Statoil charters LNG vessels for clean technology benefits

June 1, 2003
Two LNG-powered supply vessels due to come into operation next year in the Norwegian offshore sector will bring significant benefits in terms of reduced greenhouse gas emissions.

Nick Terdre
Contributing Editor

Two LNG-powered supply vessels due to come into operation next year in the Norwegian offshore sector will bring significant benefits in terms of reduced greenhouse gas emissions. The inno-vative move has been made possible by Statoil, which has given separate 10-year charters for the vessels to shipowners Eidesvik and Møk-ster Shipping.

Eidesvik operates the first LNG-powered supply vessel. LNG offers environmental benefits compared with conventional diesel-electric power.
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The vessels, the hulls of which are being built in Romania and Poland, will be outfitted at the Kleven yard at Ulsteinvik in western Norway. Eidesvik was due to take delivery of the first in April 2003 and Møkster the second in July, according to John Stangeland, marketing manager at Eidesvik.

Compared with a conventional diesel-electric supply vessel of the same design, the LNG ships offer reductions of 82-84% in nitrogen oxide emissions and 20-25% in carbon dioxide emissions. Based on a typical work pattern, the savings amount to 180-200 metric tons of NOx and 5,000-6,000 metric tons of CO2 annually per vessel. While Statoil plans to use the NOx reduction as a credit to be set against its land-based emissions, the initiative also offers interesting possibilities for the shipping sector, which is a major contributor to Norway's NOx emissions.

The vessels are being built to the VS 4403 LNG PSV design developed by Eidesvik, Statoil, and the Norwegian ship designer Vik & Sandvik. To achieve an optimal design, which incorporates both a large LNG tank as well as diesel propulsion in case of problems with the LNG supply, the design was developed from scratch.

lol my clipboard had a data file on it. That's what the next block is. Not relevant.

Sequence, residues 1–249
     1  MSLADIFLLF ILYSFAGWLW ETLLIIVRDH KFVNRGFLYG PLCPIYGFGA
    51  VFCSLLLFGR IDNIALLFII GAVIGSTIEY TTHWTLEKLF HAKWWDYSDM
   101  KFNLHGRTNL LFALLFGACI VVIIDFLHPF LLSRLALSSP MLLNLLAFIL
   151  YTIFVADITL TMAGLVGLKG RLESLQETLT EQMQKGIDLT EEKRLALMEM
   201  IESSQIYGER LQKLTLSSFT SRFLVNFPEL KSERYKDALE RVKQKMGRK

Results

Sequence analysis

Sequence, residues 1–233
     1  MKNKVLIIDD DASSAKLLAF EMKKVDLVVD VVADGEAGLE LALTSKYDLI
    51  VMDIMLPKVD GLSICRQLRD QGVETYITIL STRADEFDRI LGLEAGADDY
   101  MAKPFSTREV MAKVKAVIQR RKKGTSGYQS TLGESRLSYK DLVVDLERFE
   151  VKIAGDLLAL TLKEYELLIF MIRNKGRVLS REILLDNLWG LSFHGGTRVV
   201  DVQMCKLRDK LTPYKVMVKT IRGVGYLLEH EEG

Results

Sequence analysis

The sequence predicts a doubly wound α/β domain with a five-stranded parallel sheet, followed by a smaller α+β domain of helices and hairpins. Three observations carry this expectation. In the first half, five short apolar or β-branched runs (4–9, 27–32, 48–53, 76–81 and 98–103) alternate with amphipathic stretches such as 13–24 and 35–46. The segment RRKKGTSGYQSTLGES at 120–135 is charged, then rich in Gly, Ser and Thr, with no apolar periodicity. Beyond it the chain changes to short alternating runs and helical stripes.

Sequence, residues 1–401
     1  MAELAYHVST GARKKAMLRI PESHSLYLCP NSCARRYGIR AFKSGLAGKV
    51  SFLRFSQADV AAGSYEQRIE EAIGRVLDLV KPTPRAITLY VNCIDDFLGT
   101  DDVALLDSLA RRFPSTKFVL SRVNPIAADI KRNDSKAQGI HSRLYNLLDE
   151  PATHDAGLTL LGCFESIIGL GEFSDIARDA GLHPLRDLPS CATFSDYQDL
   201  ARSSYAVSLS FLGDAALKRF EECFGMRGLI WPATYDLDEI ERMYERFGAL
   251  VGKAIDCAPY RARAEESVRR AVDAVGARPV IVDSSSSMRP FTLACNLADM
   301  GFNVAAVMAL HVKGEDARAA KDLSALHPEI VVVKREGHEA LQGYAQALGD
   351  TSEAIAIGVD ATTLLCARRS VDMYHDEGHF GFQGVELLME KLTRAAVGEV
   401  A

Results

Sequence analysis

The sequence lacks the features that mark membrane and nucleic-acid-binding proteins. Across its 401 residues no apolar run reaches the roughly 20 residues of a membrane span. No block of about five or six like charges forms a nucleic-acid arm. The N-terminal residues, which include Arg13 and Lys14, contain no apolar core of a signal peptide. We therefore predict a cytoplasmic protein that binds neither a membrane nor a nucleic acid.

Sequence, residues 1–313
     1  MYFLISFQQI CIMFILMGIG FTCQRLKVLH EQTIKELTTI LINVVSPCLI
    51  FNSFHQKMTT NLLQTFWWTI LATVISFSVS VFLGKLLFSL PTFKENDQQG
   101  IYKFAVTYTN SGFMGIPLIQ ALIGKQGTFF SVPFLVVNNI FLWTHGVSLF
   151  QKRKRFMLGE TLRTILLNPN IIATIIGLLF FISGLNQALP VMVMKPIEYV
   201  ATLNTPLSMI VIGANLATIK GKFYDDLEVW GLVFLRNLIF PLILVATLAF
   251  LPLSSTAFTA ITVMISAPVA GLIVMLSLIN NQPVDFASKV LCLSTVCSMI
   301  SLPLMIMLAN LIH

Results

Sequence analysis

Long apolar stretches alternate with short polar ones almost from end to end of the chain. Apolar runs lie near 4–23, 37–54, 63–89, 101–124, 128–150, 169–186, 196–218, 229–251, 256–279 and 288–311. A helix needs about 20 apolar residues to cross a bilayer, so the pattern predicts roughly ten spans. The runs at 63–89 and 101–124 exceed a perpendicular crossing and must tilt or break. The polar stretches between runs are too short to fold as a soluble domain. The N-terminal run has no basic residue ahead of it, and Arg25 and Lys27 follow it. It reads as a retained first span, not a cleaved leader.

Eidesvik worked closely with the classification society DNV and the Norwegian Maritime Directorate, the regulatory authority, to have the design accepted. DNV carried out an extensive program of risk analysis before concluding that the risk level for the LNG-fuelled vessel was no higher than that for a diesel-fuelled vessel. The NMD drew up a new regulation for gas-fuelled cargo vessels.

Safety was clearly a foremost concern. The LNG tank, which can hold 223 metric tons of fuel, is located midships – the safest place, in the event of a collision – and has extensive protective structures built around it. The bulkheads have hatches that will blow open in the event of an explosion.

To meet Statoil's desire for large cargo capacity, the vessel is somewhat bigger than a large conventional supply ship, with 6,000 dwt capacity and 1,030 sq m of free deck space, compared with 4,000-4,500 dwt and 850-1,000 sq m.

The vessel will deliver performance on a par with that of conventional supply vessels. It is expected to have a transit speed of around 18 kn, compared with 15-16 kn. Fitted with two bow thrusters and one azimuth thruster fore and two aft, it will have very good maneuverability.

In other respects it compares with the most advanced vessels, having DP II AUTR dynamic positioning, the Comfort class notation for the working environment, and the Clean notation for minimal emissions to sea and air.

Given current environmental concerns, the LNG supply vessel is definitely a bridge into the future, Stangeland says. The concept has aroused a lot of interest in the industry, but companies want to see how it works in practice before deciding whether to follow in Statoil's footsteps. Eidesvik expects its own experience from the project to lead to gains when it comes to designing and operating second-generation LNG supply vessels.